Executive Director, PennEnvironment
Executive Director, PennEnvironment
PennEnvironment Research & Policy Center
[Philadelphia]- The PennEnvironment Research & Policy Center is releasing a new guide to help Pennsylvanians conserve energy and reduce wasted energy in their homes and businesses. Published on National Energy Efficiency Day, with colder autumn and winter months looming, the energy-saving measures proposed by the PennEnvironment Research & Policy Center’s It’s Time to Take Charge: A Citizen’s Guide to Saving Energy can help tackle our energy waste problem in Pennsylvania and nationwide.
“The ways we communicate, shop, work, and live have all changed dramatically in the last decade. But we still produce and consume energy the same ways we did almost a hundred years ago, putting our most basic needs at risk– our health, the environment, and even the climate, ” said David Masur, Executive Director at the PennEnvironment Research & Policy Center. “We must start conserving energy, right now. Using this guide, Pennsylvanians can take concrete steps on Energy Efficiency Day to adopt energy-saving measures and tap into new technologies and appliances that increase home energy efficiency.”
Experts estimate that the United States can reduce its overall energy consumption by 40 to 60 percent by mid-century simply by using better technologies and eliminating waste across our economy. Much of the energy waste is due to inadequate insulation, inefficient heating and cooling systems, and out-of-date appliances and technologies. But our individual, everyday actions — forgetting to shut off the lights, overheating our water heaters, machine-washing half-full loads of clothing — also add up.
“This energy efficiency guide is packed with practical tips and easy steps that homeowners and renters can take to save money and save on usage. At CCI, we conduct in-home energy audits and assessments and teach people about energy efficiency every day, and we loved this tool!” said Jeaneen A. Zappa, the Executive Director at Get Energy Smarter.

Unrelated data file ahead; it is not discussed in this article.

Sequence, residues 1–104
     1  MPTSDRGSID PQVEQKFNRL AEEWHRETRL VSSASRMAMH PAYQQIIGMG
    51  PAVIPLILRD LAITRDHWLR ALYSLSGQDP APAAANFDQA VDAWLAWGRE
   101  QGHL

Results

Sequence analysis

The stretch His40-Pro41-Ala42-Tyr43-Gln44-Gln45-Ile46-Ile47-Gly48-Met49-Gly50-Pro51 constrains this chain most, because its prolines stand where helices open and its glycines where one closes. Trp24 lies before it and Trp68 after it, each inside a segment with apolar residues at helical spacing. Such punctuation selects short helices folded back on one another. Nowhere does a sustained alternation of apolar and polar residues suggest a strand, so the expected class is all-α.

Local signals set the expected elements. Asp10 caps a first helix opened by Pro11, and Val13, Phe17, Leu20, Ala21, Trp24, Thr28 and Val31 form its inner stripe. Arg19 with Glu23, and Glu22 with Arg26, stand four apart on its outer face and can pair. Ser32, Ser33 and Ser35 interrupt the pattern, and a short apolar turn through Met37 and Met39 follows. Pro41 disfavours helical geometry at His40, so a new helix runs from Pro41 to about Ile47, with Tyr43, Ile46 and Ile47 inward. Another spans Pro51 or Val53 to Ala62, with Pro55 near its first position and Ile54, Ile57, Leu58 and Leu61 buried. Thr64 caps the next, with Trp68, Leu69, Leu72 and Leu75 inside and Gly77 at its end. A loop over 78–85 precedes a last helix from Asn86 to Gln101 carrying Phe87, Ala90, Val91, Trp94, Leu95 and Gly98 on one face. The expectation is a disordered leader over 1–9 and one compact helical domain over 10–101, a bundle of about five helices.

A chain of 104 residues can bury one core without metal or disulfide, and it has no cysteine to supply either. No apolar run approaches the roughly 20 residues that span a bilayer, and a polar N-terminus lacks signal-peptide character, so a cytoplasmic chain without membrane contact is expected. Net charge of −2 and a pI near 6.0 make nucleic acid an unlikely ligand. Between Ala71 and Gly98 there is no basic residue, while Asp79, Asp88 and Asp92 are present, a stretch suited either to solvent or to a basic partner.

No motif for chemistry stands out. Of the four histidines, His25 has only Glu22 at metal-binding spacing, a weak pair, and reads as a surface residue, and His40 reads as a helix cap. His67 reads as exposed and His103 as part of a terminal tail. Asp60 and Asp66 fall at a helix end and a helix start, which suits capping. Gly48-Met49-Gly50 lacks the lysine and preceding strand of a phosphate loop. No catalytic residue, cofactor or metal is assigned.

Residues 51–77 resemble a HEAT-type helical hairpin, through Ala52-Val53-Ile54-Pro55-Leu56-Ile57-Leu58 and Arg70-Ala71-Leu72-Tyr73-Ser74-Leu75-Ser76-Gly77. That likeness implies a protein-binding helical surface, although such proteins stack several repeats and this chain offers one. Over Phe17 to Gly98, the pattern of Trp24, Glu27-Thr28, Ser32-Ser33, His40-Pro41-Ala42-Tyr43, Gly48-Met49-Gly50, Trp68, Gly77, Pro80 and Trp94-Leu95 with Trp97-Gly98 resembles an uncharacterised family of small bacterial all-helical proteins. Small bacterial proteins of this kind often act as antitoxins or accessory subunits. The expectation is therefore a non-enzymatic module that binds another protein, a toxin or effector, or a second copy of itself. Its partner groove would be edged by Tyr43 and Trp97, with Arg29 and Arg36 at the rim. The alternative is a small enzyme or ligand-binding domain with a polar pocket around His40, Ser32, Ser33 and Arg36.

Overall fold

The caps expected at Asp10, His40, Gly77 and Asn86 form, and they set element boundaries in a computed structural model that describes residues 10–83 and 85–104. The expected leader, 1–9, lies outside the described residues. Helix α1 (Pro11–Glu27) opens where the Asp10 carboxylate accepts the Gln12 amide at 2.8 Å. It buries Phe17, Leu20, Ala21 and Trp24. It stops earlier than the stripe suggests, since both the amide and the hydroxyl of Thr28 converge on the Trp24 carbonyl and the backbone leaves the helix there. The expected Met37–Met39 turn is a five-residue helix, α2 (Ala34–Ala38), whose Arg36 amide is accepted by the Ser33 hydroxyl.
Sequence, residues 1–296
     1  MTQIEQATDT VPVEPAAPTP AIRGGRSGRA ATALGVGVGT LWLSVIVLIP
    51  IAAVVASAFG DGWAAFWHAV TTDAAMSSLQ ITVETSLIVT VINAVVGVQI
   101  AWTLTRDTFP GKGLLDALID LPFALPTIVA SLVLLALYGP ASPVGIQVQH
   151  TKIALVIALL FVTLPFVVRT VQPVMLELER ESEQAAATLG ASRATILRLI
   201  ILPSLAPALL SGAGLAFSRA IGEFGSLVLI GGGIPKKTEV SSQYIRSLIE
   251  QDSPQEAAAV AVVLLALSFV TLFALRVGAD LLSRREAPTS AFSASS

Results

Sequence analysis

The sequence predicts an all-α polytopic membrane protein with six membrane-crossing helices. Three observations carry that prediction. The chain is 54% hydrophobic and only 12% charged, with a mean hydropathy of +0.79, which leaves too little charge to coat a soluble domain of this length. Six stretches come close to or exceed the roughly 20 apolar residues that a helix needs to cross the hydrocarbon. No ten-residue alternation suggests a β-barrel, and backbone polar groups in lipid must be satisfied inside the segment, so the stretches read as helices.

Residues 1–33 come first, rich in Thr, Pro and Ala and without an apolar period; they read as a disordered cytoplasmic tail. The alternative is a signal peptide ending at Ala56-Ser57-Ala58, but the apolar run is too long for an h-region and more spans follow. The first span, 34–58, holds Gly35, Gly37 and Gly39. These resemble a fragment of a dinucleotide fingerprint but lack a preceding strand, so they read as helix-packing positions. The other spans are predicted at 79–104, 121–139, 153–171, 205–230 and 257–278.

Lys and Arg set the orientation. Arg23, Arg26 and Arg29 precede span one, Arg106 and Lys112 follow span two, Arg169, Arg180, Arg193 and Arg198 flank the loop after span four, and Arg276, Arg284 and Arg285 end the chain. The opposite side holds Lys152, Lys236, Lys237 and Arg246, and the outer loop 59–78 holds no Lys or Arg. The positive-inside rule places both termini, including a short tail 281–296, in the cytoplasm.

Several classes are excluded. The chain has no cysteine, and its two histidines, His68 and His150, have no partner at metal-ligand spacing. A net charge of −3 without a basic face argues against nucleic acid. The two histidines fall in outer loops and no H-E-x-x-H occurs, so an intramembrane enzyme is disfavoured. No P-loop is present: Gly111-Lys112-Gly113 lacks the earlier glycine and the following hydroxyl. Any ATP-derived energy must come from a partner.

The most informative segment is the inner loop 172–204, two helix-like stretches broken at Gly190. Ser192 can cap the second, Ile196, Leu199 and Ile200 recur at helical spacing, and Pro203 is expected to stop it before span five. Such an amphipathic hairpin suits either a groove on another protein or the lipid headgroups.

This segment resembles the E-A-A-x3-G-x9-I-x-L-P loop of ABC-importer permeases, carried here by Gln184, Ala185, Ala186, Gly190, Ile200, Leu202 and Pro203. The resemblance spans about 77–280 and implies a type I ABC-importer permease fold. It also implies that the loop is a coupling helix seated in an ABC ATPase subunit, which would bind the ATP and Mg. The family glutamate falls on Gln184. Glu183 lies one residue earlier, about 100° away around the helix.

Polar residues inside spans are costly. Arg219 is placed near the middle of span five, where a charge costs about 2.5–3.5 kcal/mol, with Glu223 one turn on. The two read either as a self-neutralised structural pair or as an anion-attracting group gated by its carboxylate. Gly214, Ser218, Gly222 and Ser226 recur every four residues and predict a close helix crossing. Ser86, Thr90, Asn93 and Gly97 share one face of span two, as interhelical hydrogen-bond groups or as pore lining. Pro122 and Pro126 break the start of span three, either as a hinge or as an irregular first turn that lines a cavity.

“We can have better health and a more sustainable environment, while also paying less on our utility bills,” continued Masur. “Efficiency improvements pay for themselves. This guide is designed to help families cut through the clutter of information and pick the improvements that will help them minimize energy waste.”
“Energy efficiency has already delivered significant benefits to Pennsylvania’s residents and businesses,” said Matt Elliott, Executive Director of the Keystone Energy Efficiency Alliance (KEEA) – a trade association representing 50 PA-based energy efficiency companies. “Reducing energy consumption saves money while helping to grow the economy. In 2018, more than 65,000 Pennsylvanians worked in energy efficiency-related jobs. While we are off to a good start, we’ve merely scratched the surface of our full energy-saving and job-creation potential.”
“Americans across the country are shifting to cleaner, less risky energy sources such as solar and wind, but regardless of where our energy comes from, wastefulness is unacceptable,” concluded Masur, “Creating a clean, healthy future for our kids and grandkids will require not just replacing fossil fuels with renewable sources, but also maximizing how much energy we get from those renewable sources.”
PennEnvironment Research & Policy Center is a statewide, citizen-based non-profit environmental group working to promote clean air, clean water, and protecting Pennsylvania’s natural heritage. For more information, visit www.PennEnvironmentcenter.org.